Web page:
It can be hard to figure out what can make your New Year’s resolutions work better. As I write this blog, it’s two weeks into the new year and you may have toyed with the idea of setting New Year’s resolutions. You might have some ideas like get back into work or a volunteer opportunity, exercise or move around more, lose weight, find a way to take control of a certain aspect of your life, or something else.
Or you may have resolutely set some resolutions but are finding you have not yet started on them. Maybe life is happening all around you, you are busy or you forgot. Or maybe the nature of the illness or injury you are living with means your energy levels are not where you would like them to be.
That is all normal. There is also a drawback with New Year’s resolutions that can be contributing to the above.
New Year’s resolutions can feel like a ‘must do’
Look at the definition for resolution. (1)
1. A firm decision to do something
2. A course of action determined or decided on
The words firm, determined, and decided on sound, well, firm. And we may put the expectation on ourselves that we have to be decisive and taking action all of the time, progressing onwards towards our goal. It can feel strict and there isn’t room for flexibility and movement. It’s no wonder many people find it difficult to follow through on New Year’s resolutions!
But here is what can make your New Year’s resolutions work better
I believe there is another way to make and keep to New Year’s resolutions.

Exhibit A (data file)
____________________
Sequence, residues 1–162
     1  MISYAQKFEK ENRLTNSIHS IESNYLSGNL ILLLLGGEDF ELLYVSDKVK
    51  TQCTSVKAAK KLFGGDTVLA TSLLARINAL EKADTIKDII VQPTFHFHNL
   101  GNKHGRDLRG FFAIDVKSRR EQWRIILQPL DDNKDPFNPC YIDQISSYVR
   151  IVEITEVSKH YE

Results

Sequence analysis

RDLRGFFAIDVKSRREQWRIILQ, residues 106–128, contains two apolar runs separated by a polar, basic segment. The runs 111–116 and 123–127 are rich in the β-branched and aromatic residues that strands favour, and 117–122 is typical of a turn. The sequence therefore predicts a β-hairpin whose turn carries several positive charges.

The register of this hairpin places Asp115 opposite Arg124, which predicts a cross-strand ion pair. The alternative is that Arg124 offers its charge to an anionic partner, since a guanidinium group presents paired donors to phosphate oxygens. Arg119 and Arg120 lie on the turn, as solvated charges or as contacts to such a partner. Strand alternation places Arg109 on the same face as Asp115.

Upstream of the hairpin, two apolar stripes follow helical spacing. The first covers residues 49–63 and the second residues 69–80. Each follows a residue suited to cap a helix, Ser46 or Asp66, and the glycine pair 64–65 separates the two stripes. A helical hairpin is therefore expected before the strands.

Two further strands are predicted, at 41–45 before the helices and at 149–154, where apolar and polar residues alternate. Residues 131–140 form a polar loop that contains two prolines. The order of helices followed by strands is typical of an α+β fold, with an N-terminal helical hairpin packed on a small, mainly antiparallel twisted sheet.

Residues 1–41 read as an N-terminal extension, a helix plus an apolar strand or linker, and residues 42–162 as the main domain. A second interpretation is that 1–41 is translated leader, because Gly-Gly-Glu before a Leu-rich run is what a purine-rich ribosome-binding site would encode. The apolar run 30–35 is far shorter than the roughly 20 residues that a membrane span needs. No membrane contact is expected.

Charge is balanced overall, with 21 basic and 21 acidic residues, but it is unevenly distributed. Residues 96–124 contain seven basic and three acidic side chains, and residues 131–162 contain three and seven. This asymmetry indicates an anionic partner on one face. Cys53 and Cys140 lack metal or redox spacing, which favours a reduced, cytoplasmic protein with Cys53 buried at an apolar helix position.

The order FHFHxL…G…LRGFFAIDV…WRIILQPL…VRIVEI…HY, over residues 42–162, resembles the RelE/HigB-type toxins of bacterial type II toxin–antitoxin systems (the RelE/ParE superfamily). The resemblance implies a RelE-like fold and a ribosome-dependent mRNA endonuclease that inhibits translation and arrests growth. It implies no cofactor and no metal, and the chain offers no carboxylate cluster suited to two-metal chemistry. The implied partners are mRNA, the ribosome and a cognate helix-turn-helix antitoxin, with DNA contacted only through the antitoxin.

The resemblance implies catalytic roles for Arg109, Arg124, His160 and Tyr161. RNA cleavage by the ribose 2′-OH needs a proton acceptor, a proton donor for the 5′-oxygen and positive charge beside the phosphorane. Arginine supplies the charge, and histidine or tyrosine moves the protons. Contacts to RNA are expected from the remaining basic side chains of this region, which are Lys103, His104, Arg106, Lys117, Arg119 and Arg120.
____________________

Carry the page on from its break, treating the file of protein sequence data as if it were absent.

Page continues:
1. Use language and timing that resonate for you
If you do not like the word resolution, then bin it. Use another word that resonates for you: intention, goal, objective, whatever. Intention works for me, so I will use that language here.
If setting intentions at New Year does not feel right to you, but February does, your birthday, or another time, then set your intention then.
Catering to your needs in this way is what can make your New year’s resolutions work better.
2. Create your intention based on your desired future
And have a good think about what will be different for you.
What will you think and feel if you make the change?
Just imagine it for a bit. Notice what is different for you and whether that resonates with you.
Think about what you gain from making the change. But also what you will lose.
Then play devil’s advocate with yourself. Consider not making any change. What you will you gain and lose by not doing anything?
These questions are definitely what helps to make New Year’s resolutions work better. Because they help you uncover any hidden motivators, needs or assumptions around making the change you’re thinking of. This in turn can help you determine if the change is right for you right now. Or even what potential obstacles may exist to making the change which may need to be dealt with first.
3. Keep your intention small
This is important. I am not saying do not dream big. Dream big, but you do not have to see the path to your dream in detail. Knowing and taking the first small step on that path is a great start. And that first step can be your intention.
For example, you may want to feel more healthy and losing 30 lbs is part of that. If 30 lbs seems really big, far away, and a bit difficult at the moment, find a first step that feels closer to you and doable. Maybe finding a way to shave 50 calories off your daily intake of food and drink can be the first intention. Or losing 1lb in a two week period.
Change does not have to be big and grand
Sometimes expecting yourself to do and achieve a lot quickly can be additional pressure that results in you doing nothing. Keeping it small can be much more achievable. And you can build on the small change throughout the year. My mantra is making small changes in various parts of your life can together be a tidal wave of change.